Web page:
CATHOLIC HERALD CORRESPONDENT "'HELP the young workers '`-"" of the poor countries overseas. They are your brothers and sisters". Mgr. Josef Cardijn, founder of the Young Christian Workers movement, made this appeal at a vast rally at Belle Vue, Manchester. on Sunday, when more than 5,000 youngsters and chaplains gave him a welcome which might have startled Cliff Richard.
"When I visit young people in Asia, Africa and South America, they ask me: 'Are the young workers in Europe thinking about us? Will they help us?" said Mgr. Cardijn.
He called upon YCW members in Britain to increase their knowledge of the underdeveloped lands and of the needs existing there, and to word out ways and means of giving practical help.
"This," he declared, "is the great mission of the world YCW for 1962."
Representatives of YCW sections in many parts of the country stepped on to the flower-decked platform in the Kings Hall, Belle Vue, to present their founder with spiritual bouquets and other gifts for his 80th birthday, which he is to celebrate soon. A group from Bootle ran the 37 miles to Manchester in relays to bring their gift, which was handed to Mgr. Cardijn on the platform by a lad in running kit.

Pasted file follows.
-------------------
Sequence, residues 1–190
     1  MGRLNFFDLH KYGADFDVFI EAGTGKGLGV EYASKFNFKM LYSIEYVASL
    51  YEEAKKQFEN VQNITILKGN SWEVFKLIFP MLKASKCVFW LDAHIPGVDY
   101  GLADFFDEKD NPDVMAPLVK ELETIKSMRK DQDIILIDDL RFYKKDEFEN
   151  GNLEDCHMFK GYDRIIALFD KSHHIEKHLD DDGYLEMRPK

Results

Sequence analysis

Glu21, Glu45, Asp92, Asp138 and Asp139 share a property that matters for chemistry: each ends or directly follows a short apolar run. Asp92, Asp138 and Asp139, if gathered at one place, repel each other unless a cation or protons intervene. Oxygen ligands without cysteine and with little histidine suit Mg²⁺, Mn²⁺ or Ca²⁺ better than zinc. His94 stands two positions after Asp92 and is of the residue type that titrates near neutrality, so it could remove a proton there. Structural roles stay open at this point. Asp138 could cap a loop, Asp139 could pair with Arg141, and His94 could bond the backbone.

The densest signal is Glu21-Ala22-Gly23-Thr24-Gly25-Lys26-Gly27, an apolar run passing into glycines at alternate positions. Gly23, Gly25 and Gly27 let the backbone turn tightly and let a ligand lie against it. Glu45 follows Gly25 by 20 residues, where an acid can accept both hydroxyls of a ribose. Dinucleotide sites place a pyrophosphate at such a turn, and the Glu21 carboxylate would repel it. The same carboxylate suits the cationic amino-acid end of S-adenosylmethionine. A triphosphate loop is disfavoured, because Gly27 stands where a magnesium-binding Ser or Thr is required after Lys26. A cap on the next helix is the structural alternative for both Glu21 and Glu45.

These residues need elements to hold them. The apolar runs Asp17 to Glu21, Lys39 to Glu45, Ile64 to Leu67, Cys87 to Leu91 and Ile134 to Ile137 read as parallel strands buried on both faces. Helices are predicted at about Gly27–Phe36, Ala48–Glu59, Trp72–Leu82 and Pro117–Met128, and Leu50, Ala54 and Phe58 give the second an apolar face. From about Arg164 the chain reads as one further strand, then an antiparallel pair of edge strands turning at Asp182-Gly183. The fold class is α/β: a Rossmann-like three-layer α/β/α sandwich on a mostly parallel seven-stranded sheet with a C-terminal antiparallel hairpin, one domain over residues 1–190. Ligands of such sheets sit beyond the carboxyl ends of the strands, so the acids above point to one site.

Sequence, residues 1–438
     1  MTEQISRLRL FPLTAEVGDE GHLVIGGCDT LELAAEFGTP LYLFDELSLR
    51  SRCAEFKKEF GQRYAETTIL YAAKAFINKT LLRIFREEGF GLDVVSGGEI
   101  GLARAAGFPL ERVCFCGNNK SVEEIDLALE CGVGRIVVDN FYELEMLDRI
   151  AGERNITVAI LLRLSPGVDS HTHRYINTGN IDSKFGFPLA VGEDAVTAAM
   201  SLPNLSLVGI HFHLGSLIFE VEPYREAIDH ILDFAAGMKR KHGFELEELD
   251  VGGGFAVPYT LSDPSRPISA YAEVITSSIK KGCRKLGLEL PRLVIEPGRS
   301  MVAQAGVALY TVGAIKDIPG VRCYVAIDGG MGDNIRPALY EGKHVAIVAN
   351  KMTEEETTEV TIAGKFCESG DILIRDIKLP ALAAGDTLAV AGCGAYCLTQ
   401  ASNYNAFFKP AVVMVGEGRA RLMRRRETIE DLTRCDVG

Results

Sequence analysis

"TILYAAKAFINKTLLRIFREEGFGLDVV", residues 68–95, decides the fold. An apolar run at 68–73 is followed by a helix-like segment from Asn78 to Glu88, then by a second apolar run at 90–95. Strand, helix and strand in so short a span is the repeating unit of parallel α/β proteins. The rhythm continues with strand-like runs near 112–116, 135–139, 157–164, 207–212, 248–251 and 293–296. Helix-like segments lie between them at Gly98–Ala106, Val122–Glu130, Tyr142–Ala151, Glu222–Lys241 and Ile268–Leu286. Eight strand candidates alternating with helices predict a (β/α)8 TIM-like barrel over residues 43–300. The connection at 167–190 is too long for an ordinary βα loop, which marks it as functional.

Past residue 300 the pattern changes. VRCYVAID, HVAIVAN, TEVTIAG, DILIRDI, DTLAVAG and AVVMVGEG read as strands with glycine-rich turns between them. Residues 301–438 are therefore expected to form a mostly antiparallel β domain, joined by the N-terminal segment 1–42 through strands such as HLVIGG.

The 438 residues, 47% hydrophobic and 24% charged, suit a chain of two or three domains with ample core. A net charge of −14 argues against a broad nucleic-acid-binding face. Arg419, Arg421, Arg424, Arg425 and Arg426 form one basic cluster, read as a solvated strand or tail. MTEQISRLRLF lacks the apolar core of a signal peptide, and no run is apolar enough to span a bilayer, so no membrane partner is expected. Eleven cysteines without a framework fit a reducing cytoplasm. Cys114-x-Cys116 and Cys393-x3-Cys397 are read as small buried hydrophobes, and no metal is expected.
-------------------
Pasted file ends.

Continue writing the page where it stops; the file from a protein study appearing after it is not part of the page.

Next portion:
Bishop Beck of Salford, who presided at the rally, read a letter from Cardinal Cicognani, the Papal Secretary of State, which said: "In his encyclical Mater et Magistra, the Holy Father pointed out the important role of the apostolate and the efforts to Christianise contemporary society. He is greatly consoled. therefore, to learn of the meritorious work being accomplished by the Young Christian Workers of England and Wales. and it is his earnest hope that ever greater numbers of his children will dedicate themselves generously to this praiseworthy form of epostolate."
The Pope sent his blessing to the rally.
Miss Mary Goggins, YCW National Secretary. and Herb Elliot. the world champion miler, also spoke.
SHOULD the Y.C.W. welcome Protestant members? I put this question to Mgr. Cardijn after the rally. And he replied: I certainly think so, provided that the Bishop has given his approval. I think that we should co-operate as much as possible with other Christians.
In missionary countries, he pointed out, even Muslims and Buddhists and other non-Christians have been allowed to join. "In Africa the YCW is expanding all the time, at a great rate," he added.
In fact, a number of Protestants are active YCW members, both in London and in the north. At least one Protestant clergyman was present at the rally on Sunday.
Mgr. Cardijn recalled that he had first visited Manchester in 1909 or 1910. As a student, he came from Louvain to gain knowledge of trade unions, co-operatives, and other working-class movements in the area.